Pilots and members of congress blame Gulf airlines for U.S. job losses
They're calling on the White House to enforce the Open Skies Agreement.
Representatives from the U.S. airline industry and members of Congress renewed the debate over the Open Skies agreement in May when they again accused Gulf carriers of profiting from government subsidies, and asked President Donald Trump’s administration to reexamine the existing agreements.
“Unfair advantages given to the Gulf nations threaten the level playing field that was created by the Open Skies agreement,” Rep. Brenda Lawrence (D-MI) said at a press conference.
The Open Skies agreements are a series of treaties that give participating countries — including the UAE and Qatar — access to U.S. air markets. The deals aimed to open up international trade and stimulate competition by freeing the airlines from government interference. This freer marketplace is ideally better for passengers, as the competition improves service and decreases prices.
The Open Skies agreements have in turn allowed U.S. markets greater access to international hubs, increasing flights to and from Europe and the Middle East.
They have also generated additional income for local and state entities domestically, promoting economic growth. Minneapolis, for instance, had few international air connections prior to the agreements, and the city of Portland was able to generate $240 million in airport and visitor revenue thanks to Open Skies, according to the Bureau of Public Affairs.
While the economic growth has been beneficial for many U.S. cities, representatives from airline industry organizations, including the Association of Flight Attendants International and the Air Line Pilots Association, now say that the Gulf subsidies are threatening American jobs. They claim that this unfair advantage decreases competition from U.S. carriers and could cause U.S. airlines to cut both personnel and manufacturing jobs.
Delta hired its own investigators to look into the financial reporting of several of the Gulf carriers. These detectives then uncovered $42 billion in subsidies in the period between 2004 and 2015, The Wall Street Journal reported. Rep. Tom Emmer (R-MN) said in last Wednesday’s press conference that this number was now closer to $50 billion.
Emmer and Lawrence, along with the Partnership for Open and Fair Skies — an organization that represents American, Delta and United — say the job loss caused by these subsidies in the U.S. is significant. The Partnership for Open and Fair Skies estimated that thousands of jobs would be on the line if any of the three airlines had to cut routes over competition from Gulf carriers.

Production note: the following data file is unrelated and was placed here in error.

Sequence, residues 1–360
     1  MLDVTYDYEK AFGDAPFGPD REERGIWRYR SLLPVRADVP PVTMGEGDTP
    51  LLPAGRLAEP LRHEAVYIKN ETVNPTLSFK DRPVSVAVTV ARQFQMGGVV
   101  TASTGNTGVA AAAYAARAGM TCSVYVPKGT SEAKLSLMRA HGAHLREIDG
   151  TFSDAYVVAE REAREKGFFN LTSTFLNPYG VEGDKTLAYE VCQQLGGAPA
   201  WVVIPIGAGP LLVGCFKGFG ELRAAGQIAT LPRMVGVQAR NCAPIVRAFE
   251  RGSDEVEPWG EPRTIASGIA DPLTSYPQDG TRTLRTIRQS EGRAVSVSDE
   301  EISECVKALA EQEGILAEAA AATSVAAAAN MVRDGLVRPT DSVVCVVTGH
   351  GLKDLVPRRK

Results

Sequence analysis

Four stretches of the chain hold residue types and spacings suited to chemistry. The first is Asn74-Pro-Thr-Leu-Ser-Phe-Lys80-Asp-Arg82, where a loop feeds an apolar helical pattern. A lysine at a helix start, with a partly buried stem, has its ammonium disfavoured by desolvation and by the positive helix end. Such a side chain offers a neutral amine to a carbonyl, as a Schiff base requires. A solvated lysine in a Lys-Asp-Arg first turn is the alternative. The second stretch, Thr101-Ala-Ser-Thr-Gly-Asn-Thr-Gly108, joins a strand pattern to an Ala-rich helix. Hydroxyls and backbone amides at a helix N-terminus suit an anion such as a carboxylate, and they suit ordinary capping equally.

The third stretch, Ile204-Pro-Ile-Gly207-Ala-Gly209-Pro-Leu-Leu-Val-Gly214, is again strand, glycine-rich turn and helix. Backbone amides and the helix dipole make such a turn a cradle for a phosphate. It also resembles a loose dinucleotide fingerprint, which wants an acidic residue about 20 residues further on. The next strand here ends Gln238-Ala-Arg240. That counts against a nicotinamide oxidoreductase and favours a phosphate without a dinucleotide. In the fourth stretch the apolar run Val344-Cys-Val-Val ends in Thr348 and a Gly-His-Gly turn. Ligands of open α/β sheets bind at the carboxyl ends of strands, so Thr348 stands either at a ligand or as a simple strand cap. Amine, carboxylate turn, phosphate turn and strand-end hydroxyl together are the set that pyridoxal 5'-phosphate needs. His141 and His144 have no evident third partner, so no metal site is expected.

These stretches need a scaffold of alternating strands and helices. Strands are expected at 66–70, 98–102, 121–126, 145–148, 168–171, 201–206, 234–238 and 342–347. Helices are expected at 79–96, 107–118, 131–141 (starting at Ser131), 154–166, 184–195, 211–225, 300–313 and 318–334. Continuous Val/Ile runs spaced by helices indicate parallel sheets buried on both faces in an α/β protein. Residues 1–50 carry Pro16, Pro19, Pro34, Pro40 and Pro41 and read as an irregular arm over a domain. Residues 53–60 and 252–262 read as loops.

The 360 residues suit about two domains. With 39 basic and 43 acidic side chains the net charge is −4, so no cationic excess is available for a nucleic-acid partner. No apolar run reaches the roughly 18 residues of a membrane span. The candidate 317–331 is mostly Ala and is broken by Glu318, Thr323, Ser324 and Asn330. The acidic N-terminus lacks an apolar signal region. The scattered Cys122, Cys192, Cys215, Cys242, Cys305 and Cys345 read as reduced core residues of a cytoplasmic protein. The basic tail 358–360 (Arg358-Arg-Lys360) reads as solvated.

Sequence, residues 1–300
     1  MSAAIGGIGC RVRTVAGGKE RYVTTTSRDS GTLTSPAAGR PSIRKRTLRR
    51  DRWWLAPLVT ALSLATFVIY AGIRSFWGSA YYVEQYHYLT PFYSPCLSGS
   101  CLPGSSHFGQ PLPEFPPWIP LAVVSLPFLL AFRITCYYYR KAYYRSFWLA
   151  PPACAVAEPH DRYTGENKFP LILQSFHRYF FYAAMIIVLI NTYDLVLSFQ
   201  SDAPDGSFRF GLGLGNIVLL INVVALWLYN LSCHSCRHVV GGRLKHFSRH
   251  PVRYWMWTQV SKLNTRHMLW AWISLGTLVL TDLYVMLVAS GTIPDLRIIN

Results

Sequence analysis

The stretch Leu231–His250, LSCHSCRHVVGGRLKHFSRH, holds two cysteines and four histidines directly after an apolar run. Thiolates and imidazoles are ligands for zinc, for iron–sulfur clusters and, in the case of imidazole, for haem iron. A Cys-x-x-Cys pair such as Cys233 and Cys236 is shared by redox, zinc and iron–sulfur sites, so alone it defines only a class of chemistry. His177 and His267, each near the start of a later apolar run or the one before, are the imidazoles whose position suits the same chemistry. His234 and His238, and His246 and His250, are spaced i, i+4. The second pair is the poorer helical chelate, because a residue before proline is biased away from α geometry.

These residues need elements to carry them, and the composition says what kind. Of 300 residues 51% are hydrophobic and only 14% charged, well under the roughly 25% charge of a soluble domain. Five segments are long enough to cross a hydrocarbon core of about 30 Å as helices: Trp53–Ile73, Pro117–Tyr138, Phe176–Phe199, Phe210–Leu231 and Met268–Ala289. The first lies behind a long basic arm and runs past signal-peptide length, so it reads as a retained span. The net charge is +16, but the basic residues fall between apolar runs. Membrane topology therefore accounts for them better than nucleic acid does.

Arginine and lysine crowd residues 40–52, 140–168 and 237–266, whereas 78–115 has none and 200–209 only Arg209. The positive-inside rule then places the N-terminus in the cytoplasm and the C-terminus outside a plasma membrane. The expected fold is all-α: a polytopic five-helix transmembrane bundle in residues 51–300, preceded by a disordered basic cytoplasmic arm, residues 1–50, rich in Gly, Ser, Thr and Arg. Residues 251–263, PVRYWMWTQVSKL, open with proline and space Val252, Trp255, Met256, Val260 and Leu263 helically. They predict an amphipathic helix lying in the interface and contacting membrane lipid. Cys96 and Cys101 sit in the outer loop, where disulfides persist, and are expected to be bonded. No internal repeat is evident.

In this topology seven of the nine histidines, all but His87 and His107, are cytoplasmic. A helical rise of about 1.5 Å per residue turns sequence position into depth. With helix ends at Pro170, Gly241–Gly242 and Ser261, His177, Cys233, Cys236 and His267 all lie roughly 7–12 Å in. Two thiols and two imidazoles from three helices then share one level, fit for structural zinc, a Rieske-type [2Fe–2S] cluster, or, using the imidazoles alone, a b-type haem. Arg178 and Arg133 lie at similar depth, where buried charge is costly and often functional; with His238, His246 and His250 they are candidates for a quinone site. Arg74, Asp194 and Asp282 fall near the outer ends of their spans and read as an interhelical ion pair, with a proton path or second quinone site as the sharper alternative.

“States like Minnesota that are home to international hubs…get hit extra hard,” Emmer said.
United and Delta have already had to cancel routes from the U.S. to Dubai over competition from the Middle Eastern airlines.
Emirates CEO Tim Clark called the allegations “outrageous,” in 2015, adding, “The legacy carriers' real goal is protection from competition and an end to Open Skies.”
The debate also comes down to a difference in service, according to Mohammed Barakat, managing director of the U.S.-Qatar Business Council.
“We don’t see it as unfair competition. It’s just a matter of competition between airlines,” Barakat told T+L. “We believe that this is a government-to-government discussion.”
Not all domestic airlines agree with the stand of United, Delta, and American, however. Earlier this year JetBlue Airways, Hawaiian Airlines and FedEx took out a small ad campaign to challenge the actions of their fellow domestic airlines and to suggest, as the Gulf carriers did, that the main goal of the coalition’s actions was to limit competition.
“The legacy carriers don’t speak for all — or even most — U.S. airlines,” the group that represents JetBlue, Hawaiian, and Fedex said on its site.
The U.S. airline unions and government representatives are calling on Trump to hold informal or formal talks with the Gulf carriers with the hopes of winning concessions from the airlines. These talks could even take the form of renegotiating certain elements of the Open Skies Agreements, the Washington Post reported.
Partnership for Open and Fair Skies argues that they want the section of the agreement that prohibits predatory practices to be more strictly enforced. Other industry experts have suggested that the coalition might ask to renegotiate parts of the treaties themselves, including limiting the number of routes that the Gulf carriers can fly in Europe in particular.
“It’s not protectionism to enforce your international agreements. When a country is violating an agreement with the United States, you have to hold them accountable,” said Jill Zuckman, chief spokesperson for the Partnership for Open and Fair Skies.